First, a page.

Infrastructure Position - The roads are for all road users

Public roads are for all road users, and this should be reflected both in the design of roads, in the management of traffic, and in the formulation and enforcement of traffic law. Attempts to close public roads to cyclists or pedestrians and shunt them off to inferior, segregated “facilities” should be resisted. Restrictions on motor vehicle traffic are often needed to balance the priorities of motorised and non-motorised traffic. Safety systems should be designed with reduction of the risk to the most vulnerable group as the starting point.

The quality of road surfaces is of particular importance to cyclists; more so than for other road users since narrow wheels and lack of suspension or a protective shell make us more vulnerable to poor surfaces.

Reduce speed, enforce laws on dangerous driving

The single most effective measure to ensure our roads are accessible to all road users is to reduce motor vehicle speeds. Lower speeds allow motor and bicycle traffic to mix, with no need for any additional physical infrastructure. Also with lower speeds, fewer collisions will occur, accidents will be less serious, weaving movements will be easier and safer, and traffic noise will be reduced.

DCC in particular campaigns for

  • 30 km/h speed limits: the area bounded by the canals and all residential areas should have such a limit. Councils should have the right to introduce 30km/h limits wherever they are deemed desirable. These limits must also be enforced.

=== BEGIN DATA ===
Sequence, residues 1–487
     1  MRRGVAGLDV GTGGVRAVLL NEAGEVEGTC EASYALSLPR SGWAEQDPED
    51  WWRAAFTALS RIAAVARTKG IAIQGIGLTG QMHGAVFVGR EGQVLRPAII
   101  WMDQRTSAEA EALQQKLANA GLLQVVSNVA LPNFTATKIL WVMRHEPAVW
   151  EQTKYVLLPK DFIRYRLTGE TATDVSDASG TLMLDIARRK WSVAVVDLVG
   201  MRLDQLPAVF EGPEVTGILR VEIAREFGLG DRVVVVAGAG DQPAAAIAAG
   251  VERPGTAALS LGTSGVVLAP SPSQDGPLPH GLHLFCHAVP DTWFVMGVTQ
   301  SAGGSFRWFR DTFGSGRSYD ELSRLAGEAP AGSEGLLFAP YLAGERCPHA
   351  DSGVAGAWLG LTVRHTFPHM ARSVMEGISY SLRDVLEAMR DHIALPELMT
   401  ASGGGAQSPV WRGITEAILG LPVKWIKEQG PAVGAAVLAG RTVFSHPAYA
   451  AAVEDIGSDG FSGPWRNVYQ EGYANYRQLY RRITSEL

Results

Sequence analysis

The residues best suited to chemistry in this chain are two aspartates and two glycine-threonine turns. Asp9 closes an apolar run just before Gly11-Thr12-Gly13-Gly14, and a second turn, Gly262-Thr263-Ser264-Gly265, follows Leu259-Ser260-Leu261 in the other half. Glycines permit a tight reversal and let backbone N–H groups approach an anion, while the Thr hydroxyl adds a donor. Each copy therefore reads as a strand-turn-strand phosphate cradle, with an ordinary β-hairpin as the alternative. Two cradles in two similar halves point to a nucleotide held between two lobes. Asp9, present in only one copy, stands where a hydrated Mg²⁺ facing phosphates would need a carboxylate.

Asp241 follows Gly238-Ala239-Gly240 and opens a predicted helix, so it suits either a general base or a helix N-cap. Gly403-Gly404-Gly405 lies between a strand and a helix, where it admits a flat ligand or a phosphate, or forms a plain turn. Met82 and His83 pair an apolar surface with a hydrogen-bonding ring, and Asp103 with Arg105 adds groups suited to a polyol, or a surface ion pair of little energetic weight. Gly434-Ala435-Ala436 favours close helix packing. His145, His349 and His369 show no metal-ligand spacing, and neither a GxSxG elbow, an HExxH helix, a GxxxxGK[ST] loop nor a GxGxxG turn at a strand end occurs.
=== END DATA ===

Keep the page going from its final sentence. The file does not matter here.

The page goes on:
• Enforcement of existing laws on speeding and dangerous driving. Enforcement of existing regulations is unacceptably poor; consequently motorists can put other people’s lives in danger without fear of punishment. A much greater Garda presence and effectiveness is needed. No road user can be above the law.
  • Cycle-friendly traffic calming measures, such as ramps and barriers that can be bypassed by cyclists (as opposed to for example pinch-points where cyclists are squeezed into conflict situations with motor vehicles).
  • Appropriate design speeds of roads: wide and straight roads tempt motorists to speed up where this is not safe and ignore speed limits.
  • More direct routes for cyclists
  • Multilane one-way street systems should be dismantled. These are hostile to cyclists, forcing them to weave across many lanes of high-speed motor traffic, and to take long detours or cycle the wrong way. The current multilane one-way streets should be made two-way.
  • Contraflow lanes should be introduced on single-lane one-way streets. (Note: Some places, e.g. Hamburg, allow cycling against one-way streets, even without a contraflow lane. This is possible where speeds are low.)
  • Cyclists should be allowed to use all bus lanes, including contraflow bus lanes. The on-road sections of the LUAS line should also be open to cyclists.

Traffic reduction

  • Roads should primarily serve those who live, work, shop etc nearby. Reduction in motorised through traffic, in particular in the city centre, will benefit cyclists as well as local users. DCC campaigns for:

Restrictions in heavy goods vehicle (HGV) movements